What you may notice when visiting the Cloud project page linked above, is that the proposal is now 10 years old. Unfortunately some early press reports quoted the lead researcher, Jasper Kirby, as saying cosmic rays "will probably be able to account for somewhere between a half and the whole of the increase in the Earth's temperature that we have seen in the last century."
This statement resulted in the loss of funding for the Cloud project, until a much maligned and humbled Jasper Kirby started to downplay the significance of the project.

Science is at the mercy of politics. The first data from the Cloud experiment should be available in 2010. So while we are blind, and making profound decisions based on the output of incomplete and erroneous models, there may come a day when we can see. Hindsight is always 20/20, but there are many who would rather keep us in the dark.

I will look forward to the results of this and many other projects which can help us to more fully understand the interactions of our atmosphere and all that influences it internally and externally.

Thursday, March 26, 2009

NYTimes: The Civil Heretic

Global Warming is the one great example we have that causes people to hold strong opinions purely based on the significance of the outcome were it true. It admittedly hasn't been proven, but something must be done now anyway. Isn't a consensus enough? At least that is the mantra.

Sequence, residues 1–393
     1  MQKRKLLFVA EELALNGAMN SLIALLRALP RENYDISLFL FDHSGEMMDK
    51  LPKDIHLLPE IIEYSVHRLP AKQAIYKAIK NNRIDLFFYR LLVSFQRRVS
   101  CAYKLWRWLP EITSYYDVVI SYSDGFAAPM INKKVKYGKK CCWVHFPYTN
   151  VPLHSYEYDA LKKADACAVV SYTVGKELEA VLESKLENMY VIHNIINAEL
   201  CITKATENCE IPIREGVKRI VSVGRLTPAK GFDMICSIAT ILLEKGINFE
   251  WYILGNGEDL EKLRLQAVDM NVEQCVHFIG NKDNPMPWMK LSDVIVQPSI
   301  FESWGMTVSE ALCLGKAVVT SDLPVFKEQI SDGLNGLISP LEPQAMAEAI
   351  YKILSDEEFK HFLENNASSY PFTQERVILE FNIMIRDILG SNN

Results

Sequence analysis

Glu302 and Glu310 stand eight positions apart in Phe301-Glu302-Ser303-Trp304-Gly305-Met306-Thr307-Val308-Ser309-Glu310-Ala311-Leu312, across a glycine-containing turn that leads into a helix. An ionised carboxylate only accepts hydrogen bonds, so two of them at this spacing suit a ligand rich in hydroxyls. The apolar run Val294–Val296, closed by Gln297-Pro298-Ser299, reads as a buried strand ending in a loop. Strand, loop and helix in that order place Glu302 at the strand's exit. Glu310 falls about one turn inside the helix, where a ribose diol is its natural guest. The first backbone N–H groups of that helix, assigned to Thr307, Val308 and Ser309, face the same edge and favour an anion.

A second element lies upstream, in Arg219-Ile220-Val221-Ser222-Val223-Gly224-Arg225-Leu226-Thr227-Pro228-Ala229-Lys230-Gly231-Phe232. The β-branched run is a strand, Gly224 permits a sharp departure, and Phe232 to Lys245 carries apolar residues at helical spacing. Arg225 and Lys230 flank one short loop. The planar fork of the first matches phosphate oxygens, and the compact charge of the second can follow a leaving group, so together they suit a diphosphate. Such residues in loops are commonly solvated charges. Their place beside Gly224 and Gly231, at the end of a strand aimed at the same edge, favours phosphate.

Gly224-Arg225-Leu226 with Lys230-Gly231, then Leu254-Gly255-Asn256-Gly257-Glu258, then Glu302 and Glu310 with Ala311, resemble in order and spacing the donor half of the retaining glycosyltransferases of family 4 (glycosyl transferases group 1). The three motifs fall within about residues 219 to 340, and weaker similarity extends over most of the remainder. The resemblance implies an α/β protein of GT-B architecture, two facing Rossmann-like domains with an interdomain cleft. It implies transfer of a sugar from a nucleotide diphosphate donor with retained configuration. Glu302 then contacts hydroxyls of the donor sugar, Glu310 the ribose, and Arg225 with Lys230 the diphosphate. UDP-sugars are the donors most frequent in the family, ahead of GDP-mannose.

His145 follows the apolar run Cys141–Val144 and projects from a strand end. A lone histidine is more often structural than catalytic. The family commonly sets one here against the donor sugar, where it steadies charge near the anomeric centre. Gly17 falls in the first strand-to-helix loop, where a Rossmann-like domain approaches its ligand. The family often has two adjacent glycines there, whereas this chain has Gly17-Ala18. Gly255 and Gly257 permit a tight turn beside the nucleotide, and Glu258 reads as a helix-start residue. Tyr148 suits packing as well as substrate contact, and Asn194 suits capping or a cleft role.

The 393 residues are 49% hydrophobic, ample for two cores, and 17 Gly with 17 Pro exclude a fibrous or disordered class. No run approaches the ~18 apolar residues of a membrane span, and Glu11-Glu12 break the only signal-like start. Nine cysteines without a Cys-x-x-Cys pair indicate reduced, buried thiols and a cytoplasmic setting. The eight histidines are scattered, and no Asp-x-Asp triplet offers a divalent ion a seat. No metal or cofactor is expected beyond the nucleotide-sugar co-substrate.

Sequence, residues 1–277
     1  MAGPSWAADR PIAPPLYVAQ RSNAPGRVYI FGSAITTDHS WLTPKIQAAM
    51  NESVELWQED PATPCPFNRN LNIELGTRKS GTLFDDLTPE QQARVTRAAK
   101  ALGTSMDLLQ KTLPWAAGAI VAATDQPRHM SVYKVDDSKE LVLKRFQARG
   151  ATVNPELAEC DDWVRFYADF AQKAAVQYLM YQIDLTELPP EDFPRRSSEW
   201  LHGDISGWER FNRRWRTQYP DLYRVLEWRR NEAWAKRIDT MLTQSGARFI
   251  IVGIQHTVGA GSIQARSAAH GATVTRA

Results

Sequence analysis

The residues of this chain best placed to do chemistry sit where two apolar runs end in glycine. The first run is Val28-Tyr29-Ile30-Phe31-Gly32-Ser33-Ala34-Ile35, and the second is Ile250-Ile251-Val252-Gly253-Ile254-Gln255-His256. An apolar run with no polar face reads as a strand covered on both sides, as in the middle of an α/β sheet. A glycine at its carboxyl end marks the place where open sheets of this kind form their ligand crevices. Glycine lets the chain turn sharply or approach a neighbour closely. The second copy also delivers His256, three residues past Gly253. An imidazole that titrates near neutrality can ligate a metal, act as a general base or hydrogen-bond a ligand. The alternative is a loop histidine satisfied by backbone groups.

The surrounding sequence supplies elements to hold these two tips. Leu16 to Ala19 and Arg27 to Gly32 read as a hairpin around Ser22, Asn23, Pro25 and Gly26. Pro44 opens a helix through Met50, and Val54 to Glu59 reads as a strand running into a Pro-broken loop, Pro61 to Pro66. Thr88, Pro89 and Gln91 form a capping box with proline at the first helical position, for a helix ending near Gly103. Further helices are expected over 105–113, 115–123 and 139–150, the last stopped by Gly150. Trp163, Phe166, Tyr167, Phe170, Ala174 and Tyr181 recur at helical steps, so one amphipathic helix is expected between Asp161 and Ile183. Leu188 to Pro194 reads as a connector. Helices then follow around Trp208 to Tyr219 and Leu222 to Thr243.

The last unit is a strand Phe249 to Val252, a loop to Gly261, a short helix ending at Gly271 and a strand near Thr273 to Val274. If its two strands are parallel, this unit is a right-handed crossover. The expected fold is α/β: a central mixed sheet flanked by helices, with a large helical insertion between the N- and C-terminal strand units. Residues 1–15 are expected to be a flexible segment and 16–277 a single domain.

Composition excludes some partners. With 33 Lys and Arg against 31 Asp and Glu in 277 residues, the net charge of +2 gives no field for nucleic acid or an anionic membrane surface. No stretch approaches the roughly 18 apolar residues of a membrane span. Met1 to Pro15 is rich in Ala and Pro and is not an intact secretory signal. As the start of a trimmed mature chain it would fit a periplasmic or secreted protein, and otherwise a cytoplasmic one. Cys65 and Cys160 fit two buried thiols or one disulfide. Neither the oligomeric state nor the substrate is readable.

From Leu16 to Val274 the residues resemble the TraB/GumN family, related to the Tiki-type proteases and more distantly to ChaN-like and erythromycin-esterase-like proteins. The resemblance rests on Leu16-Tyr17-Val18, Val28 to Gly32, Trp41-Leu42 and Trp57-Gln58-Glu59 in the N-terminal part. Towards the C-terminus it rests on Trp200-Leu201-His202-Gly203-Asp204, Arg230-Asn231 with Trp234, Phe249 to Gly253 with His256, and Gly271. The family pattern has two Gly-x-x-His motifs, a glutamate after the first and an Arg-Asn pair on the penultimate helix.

I would ask in turn, why hold an opinion of something you cannot understand? How do you know whether or not it is occurring? If it is totally beyond your comprehension to prove or disprove it, then why panic? If you are only going off of blind trust, why? Is authoritarianism in science actually science?

I have many reasons to believe anthropogenic global warming isn't real. I'm sure I will get to each of them in the coming months.

I believe more in principals than personalities, but Freeman Dyson is a fine example of a man driven by principal. One who evaluates each modicum of evidence and seeks to understand the issues. I wouldn't usually provide a link to the New York Times, but this article about Freeman Dyson deserves to be read.

The Civil Heretic